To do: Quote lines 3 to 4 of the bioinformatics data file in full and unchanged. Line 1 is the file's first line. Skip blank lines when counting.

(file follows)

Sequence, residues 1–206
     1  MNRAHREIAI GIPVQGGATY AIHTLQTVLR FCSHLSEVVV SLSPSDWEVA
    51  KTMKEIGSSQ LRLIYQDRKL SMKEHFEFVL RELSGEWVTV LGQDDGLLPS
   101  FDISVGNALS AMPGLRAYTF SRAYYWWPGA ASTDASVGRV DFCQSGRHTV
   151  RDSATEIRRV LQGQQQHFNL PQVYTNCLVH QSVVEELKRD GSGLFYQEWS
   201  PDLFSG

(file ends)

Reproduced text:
    51  KTMKEIGSSQ LRLIYQDRKL SMKEHFEFVL RELSGEWVTV LGQDDGLLPS
   101  FDISVGNALS AMPGLRAYTF SRAYYWWPGA ASTDASVGRV DFCQSGRHTV